The industry’s plan against Airbnb shows “the hotel cartel is intent on short-sheeting the middle class so they can keep price-gouging consumers,” Nick Papas, a spokesman for Airbnb, wrote in an email. “With more than 250 government partnerships over the last year, we have shown our seriousness of purpose when it comes to putting in place fair rules.”

The national hotel association said its push against Airbnb was not about the platform’s financial impact on hotels.

“Airbnb is operating a lodging industry, but it is not playing by the same rules,” Troy Flanagan, the American Hotel and Lodging Association’s vice president for state and local government affairs, said in an interview.

The main prongs of the association’s plan to constrain Airbnb include lobbying politicians and state attorneys general to reduce the number of Airbnb hosts, funding studies to show Airbnb is filled with people who are quietly running hotels out of residential buildings and highlighting how Airbnb hosts do not collect hotel taxes and are not subject to the same safety and security regulations that hotel operators must follow.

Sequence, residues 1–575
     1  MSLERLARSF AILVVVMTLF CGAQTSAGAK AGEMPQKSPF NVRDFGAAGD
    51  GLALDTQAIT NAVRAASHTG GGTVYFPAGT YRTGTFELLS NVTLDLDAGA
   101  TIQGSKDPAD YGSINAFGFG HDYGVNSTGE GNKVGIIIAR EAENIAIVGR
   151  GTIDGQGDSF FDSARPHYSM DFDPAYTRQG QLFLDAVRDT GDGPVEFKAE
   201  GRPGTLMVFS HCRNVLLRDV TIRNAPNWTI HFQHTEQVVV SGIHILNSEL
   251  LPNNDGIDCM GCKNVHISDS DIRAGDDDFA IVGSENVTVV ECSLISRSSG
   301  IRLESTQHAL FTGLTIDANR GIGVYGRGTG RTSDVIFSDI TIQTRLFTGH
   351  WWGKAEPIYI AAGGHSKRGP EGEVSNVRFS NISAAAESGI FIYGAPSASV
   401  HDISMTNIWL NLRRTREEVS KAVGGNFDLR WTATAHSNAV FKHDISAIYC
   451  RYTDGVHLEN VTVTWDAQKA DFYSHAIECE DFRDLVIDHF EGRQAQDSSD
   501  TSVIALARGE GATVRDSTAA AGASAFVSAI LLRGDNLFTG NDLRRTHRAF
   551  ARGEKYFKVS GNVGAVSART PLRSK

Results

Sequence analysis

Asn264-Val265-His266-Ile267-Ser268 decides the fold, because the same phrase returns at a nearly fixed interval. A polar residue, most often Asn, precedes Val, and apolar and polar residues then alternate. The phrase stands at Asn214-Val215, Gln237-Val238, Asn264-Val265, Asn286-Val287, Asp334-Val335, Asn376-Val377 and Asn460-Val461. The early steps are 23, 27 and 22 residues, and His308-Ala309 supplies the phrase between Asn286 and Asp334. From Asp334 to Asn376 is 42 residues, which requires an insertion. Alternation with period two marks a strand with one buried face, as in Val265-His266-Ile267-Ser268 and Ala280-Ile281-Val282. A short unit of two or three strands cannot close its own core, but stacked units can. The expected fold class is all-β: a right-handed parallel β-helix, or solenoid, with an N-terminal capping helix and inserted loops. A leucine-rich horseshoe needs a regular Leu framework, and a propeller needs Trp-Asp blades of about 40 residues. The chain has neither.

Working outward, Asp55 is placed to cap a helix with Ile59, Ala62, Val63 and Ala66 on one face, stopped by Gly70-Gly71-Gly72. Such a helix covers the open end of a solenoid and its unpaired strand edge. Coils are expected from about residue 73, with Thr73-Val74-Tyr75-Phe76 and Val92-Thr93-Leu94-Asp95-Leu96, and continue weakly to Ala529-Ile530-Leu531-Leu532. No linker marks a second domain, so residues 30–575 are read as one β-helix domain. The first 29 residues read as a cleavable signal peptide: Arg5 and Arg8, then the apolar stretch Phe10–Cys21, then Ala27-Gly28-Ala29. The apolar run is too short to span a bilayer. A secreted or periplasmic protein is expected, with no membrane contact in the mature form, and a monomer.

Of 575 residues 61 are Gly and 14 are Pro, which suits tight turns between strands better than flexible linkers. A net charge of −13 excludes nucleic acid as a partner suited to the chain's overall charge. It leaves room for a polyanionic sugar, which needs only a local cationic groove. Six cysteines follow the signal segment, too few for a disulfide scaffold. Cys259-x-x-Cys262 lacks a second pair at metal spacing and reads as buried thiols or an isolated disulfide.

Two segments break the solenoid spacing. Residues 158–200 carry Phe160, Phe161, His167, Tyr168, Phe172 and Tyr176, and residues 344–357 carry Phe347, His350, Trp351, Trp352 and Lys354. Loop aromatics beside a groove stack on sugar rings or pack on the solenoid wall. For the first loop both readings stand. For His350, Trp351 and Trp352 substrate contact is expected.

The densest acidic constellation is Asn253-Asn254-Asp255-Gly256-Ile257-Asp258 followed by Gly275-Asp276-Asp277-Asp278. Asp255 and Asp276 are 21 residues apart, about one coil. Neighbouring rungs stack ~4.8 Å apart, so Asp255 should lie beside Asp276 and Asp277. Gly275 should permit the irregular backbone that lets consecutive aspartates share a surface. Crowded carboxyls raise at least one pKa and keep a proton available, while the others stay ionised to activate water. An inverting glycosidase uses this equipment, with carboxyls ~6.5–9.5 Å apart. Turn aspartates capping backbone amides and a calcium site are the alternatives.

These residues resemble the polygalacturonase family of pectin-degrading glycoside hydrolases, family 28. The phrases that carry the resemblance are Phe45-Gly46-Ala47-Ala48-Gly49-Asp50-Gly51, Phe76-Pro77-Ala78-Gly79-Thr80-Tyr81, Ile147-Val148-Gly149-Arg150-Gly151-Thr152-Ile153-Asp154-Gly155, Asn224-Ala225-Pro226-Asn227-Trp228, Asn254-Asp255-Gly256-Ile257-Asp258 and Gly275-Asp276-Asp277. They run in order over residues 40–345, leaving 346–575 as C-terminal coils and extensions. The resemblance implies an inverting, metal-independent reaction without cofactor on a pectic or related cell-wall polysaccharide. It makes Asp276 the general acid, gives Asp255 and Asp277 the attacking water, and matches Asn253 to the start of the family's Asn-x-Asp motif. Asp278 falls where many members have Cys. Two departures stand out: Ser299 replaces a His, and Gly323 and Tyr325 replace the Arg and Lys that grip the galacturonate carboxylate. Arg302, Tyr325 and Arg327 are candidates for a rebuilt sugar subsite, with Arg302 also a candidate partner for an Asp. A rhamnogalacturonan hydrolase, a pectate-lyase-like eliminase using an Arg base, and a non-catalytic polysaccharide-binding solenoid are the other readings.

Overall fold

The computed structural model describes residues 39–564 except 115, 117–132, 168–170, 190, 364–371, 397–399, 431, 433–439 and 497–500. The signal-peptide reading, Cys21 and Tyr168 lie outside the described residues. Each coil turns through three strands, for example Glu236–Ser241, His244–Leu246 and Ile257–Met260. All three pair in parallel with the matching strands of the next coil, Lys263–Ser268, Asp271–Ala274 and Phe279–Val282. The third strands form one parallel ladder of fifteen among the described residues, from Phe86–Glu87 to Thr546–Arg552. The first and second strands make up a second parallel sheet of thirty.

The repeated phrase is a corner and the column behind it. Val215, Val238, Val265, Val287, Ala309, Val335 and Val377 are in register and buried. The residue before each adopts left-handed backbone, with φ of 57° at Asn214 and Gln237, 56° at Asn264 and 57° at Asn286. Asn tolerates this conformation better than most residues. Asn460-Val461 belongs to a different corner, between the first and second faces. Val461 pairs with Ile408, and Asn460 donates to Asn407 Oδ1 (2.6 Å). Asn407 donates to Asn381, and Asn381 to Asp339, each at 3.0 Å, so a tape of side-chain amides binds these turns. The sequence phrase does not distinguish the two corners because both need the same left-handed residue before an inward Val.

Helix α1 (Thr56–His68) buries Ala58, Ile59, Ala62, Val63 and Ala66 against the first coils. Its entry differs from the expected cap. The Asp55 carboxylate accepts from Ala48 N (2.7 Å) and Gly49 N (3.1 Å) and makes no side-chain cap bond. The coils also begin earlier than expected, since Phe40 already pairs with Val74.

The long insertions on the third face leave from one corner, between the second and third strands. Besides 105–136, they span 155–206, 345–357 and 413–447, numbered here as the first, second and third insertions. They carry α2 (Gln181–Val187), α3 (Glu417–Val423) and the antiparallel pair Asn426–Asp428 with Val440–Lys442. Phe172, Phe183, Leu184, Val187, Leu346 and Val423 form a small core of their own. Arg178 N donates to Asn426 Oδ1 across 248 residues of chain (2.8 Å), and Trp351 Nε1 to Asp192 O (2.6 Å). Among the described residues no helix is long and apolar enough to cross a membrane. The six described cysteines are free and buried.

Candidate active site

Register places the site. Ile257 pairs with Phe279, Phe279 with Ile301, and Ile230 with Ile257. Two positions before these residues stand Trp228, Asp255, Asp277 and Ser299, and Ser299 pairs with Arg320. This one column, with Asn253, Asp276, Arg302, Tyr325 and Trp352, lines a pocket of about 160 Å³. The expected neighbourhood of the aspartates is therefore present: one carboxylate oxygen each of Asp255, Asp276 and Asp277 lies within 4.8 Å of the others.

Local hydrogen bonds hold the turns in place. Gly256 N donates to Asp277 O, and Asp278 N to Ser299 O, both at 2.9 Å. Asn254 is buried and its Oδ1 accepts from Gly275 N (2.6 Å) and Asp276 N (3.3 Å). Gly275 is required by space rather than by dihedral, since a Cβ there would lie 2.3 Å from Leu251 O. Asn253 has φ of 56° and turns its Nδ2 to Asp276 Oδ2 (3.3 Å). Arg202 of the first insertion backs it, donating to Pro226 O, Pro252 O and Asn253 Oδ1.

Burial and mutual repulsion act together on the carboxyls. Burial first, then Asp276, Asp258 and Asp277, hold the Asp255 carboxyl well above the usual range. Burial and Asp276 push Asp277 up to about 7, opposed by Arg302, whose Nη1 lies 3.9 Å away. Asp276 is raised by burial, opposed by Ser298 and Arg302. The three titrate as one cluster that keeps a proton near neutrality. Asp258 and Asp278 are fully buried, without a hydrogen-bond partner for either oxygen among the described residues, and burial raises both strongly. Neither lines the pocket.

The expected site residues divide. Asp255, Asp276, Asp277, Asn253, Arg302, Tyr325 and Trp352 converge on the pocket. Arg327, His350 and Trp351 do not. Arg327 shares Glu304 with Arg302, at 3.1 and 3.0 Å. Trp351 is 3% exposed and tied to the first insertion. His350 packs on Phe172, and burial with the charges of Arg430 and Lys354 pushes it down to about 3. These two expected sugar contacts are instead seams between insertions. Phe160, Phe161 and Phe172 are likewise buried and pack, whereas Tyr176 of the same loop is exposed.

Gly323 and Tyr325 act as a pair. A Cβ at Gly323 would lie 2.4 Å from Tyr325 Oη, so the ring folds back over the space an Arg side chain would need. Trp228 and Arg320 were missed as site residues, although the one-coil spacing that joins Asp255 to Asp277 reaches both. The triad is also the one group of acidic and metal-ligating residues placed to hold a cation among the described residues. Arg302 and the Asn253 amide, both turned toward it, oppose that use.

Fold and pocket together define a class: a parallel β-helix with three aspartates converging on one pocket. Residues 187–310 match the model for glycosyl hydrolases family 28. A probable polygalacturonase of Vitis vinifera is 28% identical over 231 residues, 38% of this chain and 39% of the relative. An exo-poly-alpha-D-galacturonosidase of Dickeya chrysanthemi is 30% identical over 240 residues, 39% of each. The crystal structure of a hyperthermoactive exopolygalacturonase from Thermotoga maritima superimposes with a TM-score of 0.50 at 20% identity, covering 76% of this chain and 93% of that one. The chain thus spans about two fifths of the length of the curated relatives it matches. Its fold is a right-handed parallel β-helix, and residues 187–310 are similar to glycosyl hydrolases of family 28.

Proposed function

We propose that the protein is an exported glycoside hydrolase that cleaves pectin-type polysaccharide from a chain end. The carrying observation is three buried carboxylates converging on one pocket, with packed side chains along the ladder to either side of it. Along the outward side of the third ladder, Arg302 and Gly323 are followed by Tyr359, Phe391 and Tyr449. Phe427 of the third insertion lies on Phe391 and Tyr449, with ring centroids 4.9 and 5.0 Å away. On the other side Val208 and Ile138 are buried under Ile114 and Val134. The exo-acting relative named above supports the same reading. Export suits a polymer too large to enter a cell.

The group said it would focus its efforts in key markets, including Los Angeles, San Francisco, Boston, Washington and Miami.

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The efforts were spearheaded last year by Katherine Lugar, chief executive of the American Hotel and Lodging Association. The trade group began to form alliances with politicians, affordable housing groups and neighborhood associations. The industry also forged relationships with hotel labor unions — which it typically faces off against on many issues — about dealing with Airbnb.

In total, the association has a $5.6 million annual budget for regulatory work.

In New York, the association began working with local affiliates to lobby state legislators and the governor’s office to adopt steeper fines for New York City hosts that list on Airbnb in violation of local law, a move that hotel operators had hoped would help increase their business.

The association also sought help from politicians in Washington. In its documents, the group said it had worked with Senators Brian Schatz of Hawaii, Elizabeth Warren of Massachusetts and Dianne Feinstein of California. The three Democrats sent a letter to the Federal Trade Commission in July “raising concerns about the short-term rental industry,” one of the hotel association documents said.


Airbnb supporters outside New York’s City Hall in 2015. Gov. Andrew M. Cuomo of New York signed a bill last year imposing steep fines on Airbnb hosts who break local housing rules. The hotel industry supported the law. Credit Bebeto Matthews/Associated Press
Ms. Feinstein’s office referred requests for comment to Mr. Schatz’s office. Mr. Schatz’s office and Ms. Warren’s office did not respond to requests for comment.